Do operator

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The do operator is used in causal inference to denote an intervention. Given random variables X,Y, we write \Pr(Y=y \mid \mathit{do}(X=x)) to mean the probability that Y=y given we intervene and set X to be x. In some texts, this is abbreviated to \Pr(y\mid\hat x) (this notation assumes that the random variables corresponding to the individual values are clear from context). The notation \Pr_x(y) is also used.

In general \Pr(Y=y \mid \mathit{do}(X=x)) is not the same as conditioning on X=x, i.e. \Pr(Y=y \mid X=x). Note also that in the expression \mathit{do}(X=x), the subexpression X=x does not mean the event where the random variable X takes on the value x, i.e. the event \{\omega\in\Omega : X(\omega) = x\}. Thus, inside a do operator, the standard notational convention of probability theory does not hold. To stress the point, suppose the event X=x can be specified in another way, such as by the event Z=z. In this case, since X=x and Z=z are exactly the same set, the probabilities involving them, such as \Pr(X=x) vs \Pr(Z=z) and \Pr(Y=y \mid X=x) vs \Pr(Y=y \mid Z=z), should all be the same, but I don't think \Pr(Y=y \mid \mathit{do}(X=x)) and \Pr(Y=y \mid \mathit{do}(Z=z)) need be the same (check this).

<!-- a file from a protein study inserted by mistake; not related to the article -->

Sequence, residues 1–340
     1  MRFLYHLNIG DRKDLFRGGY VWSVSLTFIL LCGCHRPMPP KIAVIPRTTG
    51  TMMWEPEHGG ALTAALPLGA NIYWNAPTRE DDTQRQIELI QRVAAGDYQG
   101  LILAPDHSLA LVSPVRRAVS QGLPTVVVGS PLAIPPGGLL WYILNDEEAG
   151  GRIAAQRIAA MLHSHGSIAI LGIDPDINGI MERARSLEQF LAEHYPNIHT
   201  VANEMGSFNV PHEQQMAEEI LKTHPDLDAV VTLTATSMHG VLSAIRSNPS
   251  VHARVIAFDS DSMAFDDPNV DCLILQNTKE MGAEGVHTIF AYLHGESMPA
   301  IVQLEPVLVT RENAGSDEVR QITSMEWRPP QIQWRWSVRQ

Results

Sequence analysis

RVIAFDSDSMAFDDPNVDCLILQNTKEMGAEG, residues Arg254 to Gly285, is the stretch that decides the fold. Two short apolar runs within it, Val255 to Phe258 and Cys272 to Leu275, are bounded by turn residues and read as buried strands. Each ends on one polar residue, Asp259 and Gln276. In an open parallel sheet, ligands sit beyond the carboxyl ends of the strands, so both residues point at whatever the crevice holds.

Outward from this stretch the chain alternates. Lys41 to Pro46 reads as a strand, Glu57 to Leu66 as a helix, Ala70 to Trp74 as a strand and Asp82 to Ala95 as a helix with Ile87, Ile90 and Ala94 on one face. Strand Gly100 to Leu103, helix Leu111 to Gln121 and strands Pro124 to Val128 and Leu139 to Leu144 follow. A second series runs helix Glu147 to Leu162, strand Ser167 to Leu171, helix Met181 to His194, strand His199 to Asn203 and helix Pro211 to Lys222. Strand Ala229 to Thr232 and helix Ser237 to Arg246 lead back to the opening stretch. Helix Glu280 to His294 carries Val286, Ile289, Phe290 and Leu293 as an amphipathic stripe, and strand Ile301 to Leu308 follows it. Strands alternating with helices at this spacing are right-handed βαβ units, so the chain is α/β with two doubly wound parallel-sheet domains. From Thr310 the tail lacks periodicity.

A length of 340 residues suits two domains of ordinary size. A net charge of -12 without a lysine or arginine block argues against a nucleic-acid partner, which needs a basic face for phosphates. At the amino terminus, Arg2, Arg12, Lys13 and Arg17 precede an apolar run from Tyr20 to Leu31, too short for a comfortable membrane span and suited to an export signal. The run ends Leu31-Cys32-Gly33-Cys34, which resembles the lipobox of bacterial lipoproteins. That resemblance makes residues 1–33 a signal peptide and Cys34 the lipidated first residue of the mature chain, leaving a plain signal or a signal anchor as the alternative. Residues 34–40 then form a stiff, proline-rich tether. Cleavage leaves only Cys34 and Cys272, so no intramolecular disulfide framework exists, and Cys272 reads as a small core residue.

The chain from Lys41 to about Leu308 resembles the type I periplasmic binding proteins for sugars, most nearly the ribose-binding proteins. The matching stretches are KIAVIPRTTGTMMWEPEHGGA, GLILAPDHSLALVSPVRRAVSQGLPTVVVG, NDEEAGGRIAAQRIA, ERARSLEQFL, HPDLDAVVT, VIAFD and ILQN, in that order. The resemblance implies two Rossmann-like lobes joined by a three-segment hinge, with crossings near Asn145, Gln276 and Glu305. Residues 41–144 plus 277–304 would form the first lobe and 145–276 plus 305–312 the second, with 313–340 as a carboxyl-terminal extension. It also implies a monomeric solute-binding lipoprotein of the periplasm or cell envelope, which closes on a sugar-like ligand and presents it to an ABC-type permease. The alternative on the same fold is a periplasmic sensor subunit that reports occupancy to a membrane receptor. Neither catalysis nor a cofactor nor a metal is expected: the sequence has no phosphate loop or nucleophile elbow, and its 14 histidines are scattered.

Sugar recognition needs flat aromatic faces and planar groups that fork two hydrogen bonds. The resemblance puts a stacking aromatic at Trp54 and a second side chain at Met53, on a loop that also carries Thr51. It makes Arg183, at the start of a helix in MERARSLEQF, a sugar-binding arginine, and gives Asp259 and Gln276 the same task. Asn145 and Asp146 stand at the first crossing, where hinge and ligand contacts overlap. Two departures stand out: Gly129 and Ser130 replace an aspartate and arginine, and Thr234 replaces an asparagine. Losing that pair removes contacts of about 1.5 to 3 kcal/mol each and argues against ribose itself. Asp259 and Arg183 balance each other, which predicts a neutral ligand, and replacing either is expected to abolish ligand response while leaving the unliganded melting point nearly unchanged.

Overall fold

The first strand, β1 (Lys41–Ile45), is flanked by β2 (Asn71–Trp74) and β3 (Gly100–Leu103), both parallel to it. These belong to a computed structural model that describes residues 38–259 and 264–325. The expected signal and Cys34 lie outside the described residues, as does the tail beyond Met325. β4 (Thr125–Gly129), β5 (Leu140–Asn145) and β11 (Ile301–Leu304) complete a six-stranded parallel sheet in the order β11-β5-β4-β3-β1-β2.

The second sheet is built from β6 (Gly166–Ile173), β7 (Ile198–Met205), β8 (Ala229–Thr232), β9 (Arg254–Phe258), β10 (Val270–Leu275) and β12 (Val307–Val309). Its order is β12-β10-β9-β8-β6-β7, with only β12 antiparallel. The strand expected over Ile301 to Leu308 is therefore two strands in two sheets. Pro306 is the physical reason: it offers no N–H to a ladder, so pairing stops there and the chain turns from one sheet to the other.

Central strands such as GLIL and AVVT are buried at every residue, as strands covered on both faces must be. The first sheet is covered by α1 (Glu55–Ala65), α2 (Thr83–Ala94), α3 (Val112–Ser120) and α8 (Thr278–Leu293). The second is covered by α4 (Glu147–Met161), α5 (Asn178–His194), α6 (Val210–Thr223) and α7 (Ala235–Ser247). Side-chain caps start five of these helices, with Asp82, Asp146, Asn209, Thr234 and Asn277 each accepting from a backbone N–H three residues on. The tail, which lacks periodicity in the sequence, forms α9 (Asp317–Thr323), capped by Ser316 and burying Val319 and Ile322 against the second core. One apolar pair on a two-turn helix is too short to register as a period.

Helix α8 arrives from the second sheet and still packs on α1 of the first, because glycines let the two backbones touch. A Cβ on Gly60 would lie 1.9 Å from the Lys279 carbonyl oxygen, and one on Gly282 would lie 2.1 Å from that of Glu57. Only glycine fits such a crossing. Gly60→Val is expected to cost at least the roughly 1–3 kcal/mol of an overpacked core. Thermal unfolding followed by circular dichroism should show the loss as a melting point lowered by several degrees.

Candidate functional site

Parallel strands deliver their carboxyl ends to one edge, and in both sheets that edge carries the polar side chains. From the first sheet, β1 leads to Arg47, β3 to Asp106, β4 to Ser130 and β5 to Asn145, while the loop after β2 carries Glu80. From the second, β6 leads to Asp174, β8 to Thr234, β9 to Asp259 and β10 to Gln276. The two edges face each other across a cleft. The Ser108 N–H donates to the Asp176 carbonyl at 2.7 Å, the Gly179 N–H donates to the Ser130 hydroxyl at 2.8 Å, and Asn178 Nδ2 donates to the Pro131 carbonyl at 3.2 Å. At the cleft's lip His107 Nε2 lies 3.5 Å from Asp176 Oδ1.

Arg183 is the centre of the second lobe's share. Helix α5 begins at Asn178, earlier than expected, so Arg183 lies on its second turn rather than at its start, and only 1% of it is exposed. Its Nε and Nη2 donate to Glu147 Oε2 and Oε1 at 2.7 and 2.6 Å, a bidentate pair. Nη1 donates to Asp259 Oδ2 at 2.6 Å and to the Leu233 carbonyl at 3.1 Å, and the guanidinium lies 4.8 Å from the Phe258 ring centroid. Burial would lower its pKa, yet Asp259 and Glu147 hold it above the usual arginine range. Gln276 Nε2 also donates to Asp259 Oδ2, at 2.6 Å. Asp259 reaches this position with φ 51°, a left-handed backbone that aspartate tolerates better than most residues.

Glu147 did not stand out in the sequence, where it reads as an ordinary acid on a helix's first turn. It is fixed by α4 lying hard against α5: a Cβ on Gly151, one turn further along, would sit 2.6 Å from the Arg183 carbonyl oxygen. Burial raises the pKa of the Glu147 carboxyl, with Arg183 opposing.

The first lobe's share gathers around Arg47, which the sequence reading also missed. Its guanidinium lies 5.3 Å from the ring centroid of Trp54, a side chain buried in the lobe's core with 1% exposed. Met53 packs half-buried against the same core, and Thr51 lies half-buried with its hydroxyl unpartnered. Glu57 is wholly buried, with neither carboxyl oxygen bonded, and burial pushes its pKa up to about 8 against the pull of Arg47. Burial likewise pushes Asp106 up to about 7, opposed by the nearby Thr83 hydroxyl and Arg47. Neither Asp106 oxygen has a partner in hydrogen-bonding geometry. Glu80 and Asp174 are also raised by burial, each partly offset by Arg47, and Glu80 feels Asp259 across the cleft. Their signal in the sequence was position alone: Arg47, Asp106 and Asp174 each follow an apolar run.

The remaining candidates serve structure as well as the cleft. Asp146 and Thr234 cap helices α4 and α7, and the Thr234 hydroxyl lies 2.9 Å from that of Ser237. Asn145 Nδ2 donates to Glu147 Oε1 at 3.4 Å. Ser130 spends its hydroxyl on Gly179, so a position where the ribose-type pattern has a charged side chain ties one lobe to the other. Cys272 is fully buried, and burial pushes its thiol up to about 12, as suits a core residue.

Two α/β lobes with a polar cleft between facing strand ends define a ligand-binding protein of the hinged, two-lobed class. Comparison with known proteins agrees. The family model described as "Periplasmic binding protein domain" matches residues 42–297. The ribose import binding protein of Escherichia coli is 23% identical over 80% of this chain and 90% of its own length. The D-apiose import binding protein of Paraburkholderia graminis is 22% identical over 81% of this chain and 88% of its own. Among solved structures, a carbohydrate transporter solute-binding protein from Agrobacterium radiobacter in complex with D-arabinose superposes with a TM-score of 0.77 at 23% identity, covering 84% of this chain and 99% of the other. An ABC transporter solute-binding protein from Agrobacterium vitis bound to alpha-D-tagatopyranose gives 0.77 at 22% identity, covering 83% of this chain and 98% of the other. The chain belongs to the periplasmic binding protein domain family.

The do operator is used extensively in the do calculus.

History

Pearl: "An equivalent notation, using \mathit{set}(x) instead of \mathit{do}(x), was used in Pearl (1995a). The \mathit{do}(x) notation was first used in Goldszmidt and Pearl (1992) and is gaining in popular support. Lauritzen (2001) used P ( y \mid X \leftarrow x). The expression P(y \mid \mathit{do}(x)) is equivalent in intent to P(Y_x = y) in the potential-outcome model introduced by Neyman (1923) and Rubin (1974) and to the expression P[(X = x) \mathbin{\Box\!\!\rightarrow} (Y = y)] in the counter-factual theory of Lewis (1973b)."[1]

References

  1. Judea Pearl. Causality. p. 70, footnote 2